AS YOU GREW UP AND LIVED ABROAD, HOW DID YOU MAINTAIN A CONNECTION TO YOUR ROOTS?

    As I grew up and lived abroad, I was always connected to Nigerian culture. I know the food, the music, and the language. I think there is a great kind of mix in this new generation – like you are Nigerian with a bit of South African or a Nigerian with a bit of American – and this represents a new generation of Nigerians. For instance, my grandfather is from Oke-Imesi, a small village in Nigeria… I may never have lived there but I understand where he came from and I am also blending that now with the new things I know from South Africa, Canada and the US and it still makes me a Nigerian. That is what is great about this new generation of Africans.

    WHAT ARE SOME OF THE MISCONCEPTIONS THAT PEOPLE HAVE OF SKELETON AND HOW DO YOU THINK THIS CAN CHANGE?

    People think Skeleton is very dangerous because it looks so scary. Although the sport is very daring, it is relatively safe. This misconception can only change through people having more exposure to the sport. Through my Olympic experience, I’ve been able to shed more light on the sport and help people understand it better.

    YOU WERE SELECTED FOR THE INAUGURAL OBAMA FOUNDATION LEADERS: AFRICA PROGRAM, CAN YOU TELL US ABOUT THE EXPERIENCE? 

    I’m excited to be a member of the first class of the Obama Foundation Leaders: Africa Program! I applied for the program seeking to continue to break down barriers and drive positive change in my community, country and continent. I’m learning from and working with an impressive group of young people from across Africa to create local and global change. We came together in Johannesburg, South Africa in a five-day convening that ran from July 14 through July 18 and included plenary sessions, problem-solving workshops, and skill building trainings that helped young emerging leaders drive positive change throughout Africa. The convening also included a town hall meeting with President Obama where he heard about our experiences and the work we’re doing. Following the South Africa convening, the Leaders have remained connected to the Foundation and one another via an online platform where we engage in topical discussions, access leadership and training resources, and participate in trainings and webinars led by experts and industry leaders.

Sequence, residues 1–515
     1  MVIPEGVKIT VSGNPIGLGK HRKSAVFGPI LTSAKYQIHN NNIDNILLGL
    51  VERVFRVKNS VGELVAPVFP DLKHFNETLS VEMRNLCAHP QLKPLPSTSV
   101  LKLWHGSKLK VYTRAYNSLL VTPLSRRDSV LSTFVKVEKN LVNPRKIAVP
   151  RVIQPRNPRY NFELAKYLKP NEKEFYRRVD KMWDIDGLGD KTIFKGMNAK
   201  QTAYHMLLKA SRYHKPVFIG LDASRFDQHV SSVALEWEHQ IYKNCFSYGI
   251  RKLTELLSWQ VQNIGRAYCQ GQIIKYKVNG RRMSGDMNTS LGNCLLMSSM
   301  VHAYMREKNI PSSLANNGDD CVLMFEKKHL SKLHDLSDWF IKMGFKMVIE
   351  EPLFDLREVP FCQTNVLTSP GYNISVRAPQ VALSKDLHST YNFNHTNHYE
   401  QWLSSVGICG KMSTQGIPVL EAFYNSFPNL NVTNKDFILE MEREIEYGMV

HOW DO YOU TRAIN FOR A WINTER SPORT IN SOUTH AFRICA? AND WHAT’S YOUR TRAINING SCHEDULE LIKE? 

    Yes. I live in Johannesburg. When I’m training in Johannesburg, It’s all about staying in peak physical condition and trying to get as strong, powerful and fast as possible. I train myself, doing Olympic lifts (cleans and snatches), plyometrics (explosive jumping moves including variations on box jumps), sprints and core-strengthening work. I train 5 days a week for 2-3 hours a day. It’s all about getting more explosive and quick off the block, and stronger and faster overall.

    WHAT’S YOUR EARLIEST HAIR MEMORY? 

    Growing up as a Nigerian immigrant in the US, I have vivid memories of being teased about my “nappy” hair and struggled to see anything good about my kinky, course hair in its natural state. Lyrics like “tougher than Nigerian hair” featured in Lil’ Wayne’s song A Milli also reinforced this belief. This belief only started to become unwired when I moved to South Africa a few years ago. Here, I started to see the beauty in what grew naturally out of my head. I was exposed to a broader scope of the standard of beauty which helped me celebrate my beauty with pride. Now, I hope to help reshape the standard of beauty for the next generation of girls.

    YOUR HAIR IS ALWAYS STYLED AND SUPER DIVERSE. CAN YOU SHARE YOUR HAIR JOURNEY WITH US?